Diary 2015

December 31st 2015

This is the last entry for 2015 and comes at a time when it is being reported that December 2015 is the warmest December on record. Typically the outside temperature has been in double figures, sometimes as a high as 17 Celsius. There have been few very light frosts but very stormy wet weather (it's an El Ninho year) causing widespread flooding in northern England. In the garden yellow Alstroemeria (Peruvian Lily) are in flower while in the wild summer flowering species like Lapsana communis (Nipplewort) are not only flowering but looking very healthy too.

October 30th 2015

This year I visited Australia for the fourth time in Autumn (their Spring) . No reserves were visited but I was shown some orchids that otherwise I would never have see so small and delicate are the structures. The bush fires of last year also resulted in some plants flowering for the first time in years. I was lucky enough to photograph Red Beaks (Pyrorchis nigricans) which a botanist friend living near had never seen before. The leaves are often seen but the flowers only come after a fire.

In the last week we went to Sydney and three expeditions to the bush and to the Blue mountains yielded about twenty or thirty new species for the web site including the spectacular Warratah (Telopea speciosissima).

August 14th 2015

Only a few trips so far in a warm summer with changeable weather. At Cwm Idwal there were plenty of Lobelia dortmanna in the lake and I found one plant of Saxifraga cespitosa in fruit. The usual ferns and rock plants were still visible (Minuartia verna, Asplenium trichomanes, Club mosses etc) but nothing unusual.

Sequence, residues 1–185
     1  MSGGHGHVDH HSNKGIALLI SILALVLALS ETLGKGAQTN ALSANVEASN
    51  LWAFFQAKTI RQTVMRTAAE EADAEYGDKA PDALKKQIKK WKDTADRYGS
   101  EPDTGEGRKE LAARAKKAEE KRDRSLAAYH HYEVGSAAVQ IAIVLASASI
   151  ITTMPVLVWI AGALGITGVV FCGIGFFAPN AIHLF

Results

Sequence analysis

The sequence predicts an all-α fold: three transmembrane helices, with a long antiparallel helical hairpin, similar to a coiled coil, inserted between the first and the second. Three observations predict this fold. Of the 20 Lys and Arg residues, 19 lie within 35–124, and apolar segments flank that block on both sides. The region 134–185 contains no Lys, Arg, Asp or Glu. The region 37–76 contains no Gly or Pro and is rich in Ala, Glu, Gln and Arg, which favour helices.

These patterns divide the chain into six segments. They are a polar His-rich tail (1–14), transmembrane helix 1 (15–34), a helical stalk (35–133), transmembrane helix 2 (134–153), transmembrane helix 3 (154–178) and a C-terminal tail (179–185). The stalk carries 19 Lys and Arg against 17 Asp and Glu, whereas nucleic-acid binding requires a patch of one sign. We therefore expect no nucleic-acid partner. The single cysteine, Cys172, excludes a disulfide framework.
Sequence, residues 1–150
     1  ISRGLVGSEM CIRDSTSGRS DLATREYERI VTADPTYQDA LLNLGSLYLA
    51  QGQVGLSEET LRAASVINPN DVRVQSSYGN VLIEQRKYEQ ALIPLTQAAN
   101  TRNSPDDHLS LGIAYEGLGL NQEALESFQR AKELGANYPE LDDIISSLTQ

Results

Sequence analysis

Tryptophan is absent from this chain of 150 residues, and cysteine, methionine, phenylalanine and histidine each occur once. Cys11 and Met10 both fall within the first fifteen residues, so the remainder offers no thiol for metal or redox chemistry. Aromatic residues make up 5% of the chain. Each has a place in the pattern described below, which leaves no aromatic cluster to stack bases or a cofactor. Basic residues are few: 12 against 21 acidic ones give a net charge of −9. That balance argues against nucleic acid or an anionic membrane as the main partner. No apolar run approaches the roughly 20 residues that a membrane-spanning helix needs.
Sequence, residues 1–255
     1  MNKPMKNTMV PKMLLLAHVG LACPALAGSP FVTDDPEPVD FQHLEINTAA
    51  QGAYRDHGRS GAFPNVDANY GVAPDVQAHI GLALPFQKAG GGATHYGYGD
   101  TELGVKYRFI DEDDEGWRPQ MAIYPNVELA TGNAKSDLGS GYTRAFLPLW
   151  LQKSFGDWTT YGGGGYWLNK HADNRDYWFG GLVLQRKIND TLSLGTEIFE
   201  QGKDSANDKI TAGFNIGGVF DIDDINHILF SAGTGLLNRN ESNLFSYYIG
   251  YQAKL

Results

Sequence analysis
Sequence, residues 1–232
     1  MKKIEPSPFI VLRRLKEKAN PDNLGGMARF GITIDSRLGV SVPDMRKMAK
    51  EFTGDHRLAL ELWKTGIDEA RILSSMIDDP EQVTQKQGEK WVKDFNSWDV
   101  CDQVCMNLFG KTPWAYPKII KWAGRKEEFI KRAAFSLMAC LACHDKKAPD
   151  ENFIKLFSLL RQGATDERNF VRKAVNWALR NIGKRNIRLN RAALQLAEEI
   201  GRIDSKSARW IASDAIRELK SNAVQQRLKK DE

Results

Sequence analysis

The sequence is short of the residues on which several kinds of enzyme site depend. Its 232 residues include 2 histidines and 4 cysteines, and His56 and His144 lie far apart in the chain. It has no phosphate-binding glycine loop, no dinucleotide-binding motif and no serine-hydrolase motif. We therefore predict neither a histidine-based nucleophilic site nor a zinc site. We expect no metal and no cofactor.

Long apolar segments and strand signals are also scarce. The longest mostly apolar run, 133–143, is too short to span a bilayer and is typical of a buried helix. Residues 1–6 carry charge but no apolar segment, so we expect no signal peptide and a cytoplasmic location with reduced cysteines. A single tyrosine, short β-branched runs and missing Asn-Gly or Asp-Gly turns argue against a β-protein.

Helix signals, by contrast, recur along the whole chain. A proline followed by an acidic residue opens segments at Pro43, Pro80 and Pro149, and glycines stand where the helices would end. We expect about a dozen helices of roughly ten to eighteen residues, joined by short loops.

July 1st 2015

So far I have done two European botany trips: one to south western Turkey with Green tours in April and one to the Picos de Europea in June with Naturetrek. Both trips were in the hills and so we endured variable weather. As I make this first entry for a diary in 2015, it is the hottest day of the year since 2006 with day time temperatures in the mid 30s in places and night time temperature above 20 Celsius.

The Common Spotted Orchids (Dactylorhiza fuchsii) in the garden number about the same as last year: approximately 110 but the fantastic and unexpected addition to my spontaneously created wildflower meadow is the appearance of a single Southern Marsh Orchid (Dactylorhiza praetermissa) which is in a significantly wetter part of the same patch of land along with two splendid clumps of Carex leporina (Oval Sedge).

We now have all three common species of buttercup: Ranunculus repens (Creeping Buttercup), Ranunculus acris (Meadow Buttercup) and Ranunculus bulbosus (Bulbous Buttercup) in the garden along with Cardamine pratensis (Cuckoo flower), Stellaria graminea (Lesser Stitchwort) and Galium saxatile (Heath Bedstraw). There are other common plants such as Hypochaeris radicata (Cat's-ear), Luzula campestris (Good Friday Grass) and the inevitable Taraxacum officinale (Dandelion), Bellis perennis (Daisy), Senecio jacobaea (Common Ragwort) which I pull up in deference to the local horsey folk, plus grasses and other common garden weeds. This variety of wild plants has just arrived without any deliberate introduction by me. All I have done is to make sure that the soil is poor so that the broad-leaved herbs such as Nettles, Docks and so on are less likely to take hold. Nettles do keep trying to take over the much richer herbaceous beds every year but don't spread to the poor soil of the "meadow".

June 6th 2015

I ran a WFS trip to Llandulas quarry and Great Orme with PJ. Five people signed up but only two turned up on the day so I guess most members have seen the Great Orme specialities by now. We saw some good plants such as Cotoneaster cambricus but there are doubts now about the hybrid sedge at Abergele which may not after all be Carex x ludibunda. Watch this space. PJ is growing it on and in conversation with sedge experts M Foley et al.

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